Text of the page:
Fig. 6

The phase mask used for the shear interferometer (a) results in the spatial profile of the x-rays impinging on the simulated detector (b). The amplitude mask used for the Hartmann sensor (c) produces the spatial profile of the x-rays impinging on the simulated detector (d).

OE_52_2_026501_f006.png

Fig. 7

The applied phase pattern representing the fuel capsule (a) the reconstructed phase pattern from the shear interferometer (b) and the reconstructed phase pattern for the Hartmann mask (c).

OE_52_2_026501_f007.png

The x-ray masks for the shearing interferometer are shown in Fig. 6(a) and 6(c), respectively. The respective two-dimensional array of spots from the masks are then shown in Fig. 6(b) and 6(d) for the shearing interferometer and the Hartmann mask, respectively. A comparison between these images shows how similar these wavefront sensors are from the perspective of analyzing the phase and amplitude of the object. In Fig. 6(b) and 6(d), the images represent the number of x-rays impinging upon the detector and not the number of photoelectrons generated in the detector.

The two-dimensional reconstructed phase from the shearing interferometer and the Hartmann sensor is displayed in Fig. 7 along with the phase profile imparted on the object for the simulation. In particular, the applied phase is shown in Fig. 7(a), the reconstructed phase from the shearing interferometer in Fig. 7(b), and the reconstructed phase from the Hartmann sensor in Fig. 7(c). For both the shearing interferometer and the Hartmann sensor the four largest phase amplitudes resulting from the grain boundaries in the DT layer are visible in the reconstruction, but the two smallest phase amplitude DT ice grain boundaries are not obviously identifiable.

Figure 8 shows a comparison between the reconstructed spatial phase and the applied spatial phase across a DT ice grain boundary. This spatial profile is averaged along the length of the DT ice grain boundary and will be referred to as a line out across the ice grain boundary. Specifically, Fig. 8(a) shows line outs across two of the reconstructed DT ice grain boundaries, averaged along the length of the grain boundary for the shearing interferometer. The solid black line represents the analytic phase profile applied to the vertical and horizontal ice grain boundaries in Fig. 7(a). The light gray dashed line represents the reconstruction of the long horizontal DT ice grain boundary seen in Fig. 7(a), and the dark gray dashed line represents the reconstruction of the vertical DT ice grain boundary seen in Fig. 7(a). Figure 8(b) shows line outs across two of the reconstructed DT ice grain boundaries, averaged along the length of the grain boundary for the Hartmann sensor. The solid black line represents the analytic phase profile applied to the vertical and horizontal ice grain boundaries in Fig. 7(a). The light gray dashed line represents the reconstruction of the long horizontal DT ice grain boundary seen in Fig. 7(a), and the dark gray dashed line represents the reconstruction of the vertical DT ice grain boundary seen in Fig. 7(a).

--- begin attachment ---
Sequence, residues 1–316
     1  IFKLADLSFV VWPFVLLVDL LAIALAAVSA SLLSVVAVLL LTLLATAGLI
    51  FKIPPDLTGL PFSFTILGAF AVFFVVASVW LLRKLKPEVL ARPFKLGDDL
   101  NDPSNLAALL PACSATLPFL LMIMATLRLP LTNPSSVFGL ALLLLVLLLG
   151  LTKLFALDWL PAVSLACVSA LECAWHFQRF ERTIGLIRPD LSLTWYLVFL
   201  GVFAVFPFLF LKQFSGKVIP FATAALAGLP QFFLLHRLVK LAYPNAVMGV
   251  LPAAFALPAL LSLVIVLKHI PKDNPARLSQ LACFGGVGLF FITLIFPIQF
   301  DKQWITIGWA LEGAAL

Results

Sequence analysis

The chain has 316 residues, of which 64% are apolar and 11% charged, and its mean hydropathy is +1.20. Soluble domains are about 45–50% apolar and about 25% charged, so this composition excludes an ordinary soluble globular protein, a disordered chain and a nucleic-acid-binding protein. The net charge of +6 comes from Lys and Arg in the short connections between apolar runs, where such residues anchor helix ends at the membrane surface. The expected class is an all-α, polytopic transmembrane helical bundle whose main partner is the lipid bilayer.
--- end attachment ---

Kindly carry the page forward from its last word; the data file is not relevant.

Fig. 8

Line outs of the applied phase (solid black line) compared with the reconstructed phases from the main horizontal DT ice grain boundary in Fig. 7(a) (dashed light gray) and the main vertical DT ice grain boundary in Fig. 7(a) (dashed dark gray) for the shearing interferometer (a) and the Hartmann mask (b).

OE_52_2_026501_f008.png

2.2.

Characterization of an Imploding Deuterium-Tritium Fusion Capsule: Detection of High-Frequency Spikes of Ablator Material Seen in DT Fuel Capsule Implosions

This section compares the phase reconstruction of a shearing interferometer and Hartmann sensor for an imploding DT fusion capsule. This is modeled with an “asterisk” phase profile to test the ability of these wavefront sensors to detect spikes of ablator material seen in DT fuel capsule implosions.26,27 In both simulations, x-rays were assumed to be diverging from a point projection x-ray source, a laser-driven x-ray backlighter, with an f/# of 110, where the f/# is defined as the focal length of the focusing optic divided by the diameter of the x-ray beam. The simulations were performed with 10 keV x-rays, and the geometry of the simulation is shown in Fig. 4. The object was placed 0.1 m from the point projection x-ray source and the mask, phase or amplitude was placed 0.367 m from the focus with the detector placed 1.1 m from the focus. As a consequence the object was magnified a factor of 3.67 onto the mask, and the mask was, in turn, magnified a factor of three onto the detector. The phase gratings for the shearing interferometer were simulated with bar and trough widths equal to four simulation pixels or 21.6 μm. In the case of the Hartmann sensor, the amplitude Hartmann mask was also simulated with the pitch of the holes equal to four simulation pixels or 21.6 μm. As in the previous section, the simulations utilized wave optics to transport the electric field between the various planes containing phase or amplitude objects. The grating structure or Hartmann mask and the phase object are added to the electric field after the field has been propagated to their respective locations. The wavefront is reconstructed from the simulated spots by first locating the displacement of each of the spots with a center-of-mass centroider28 and then reconstructing the resulting gradients with a multigrid wavefront reconstructor.29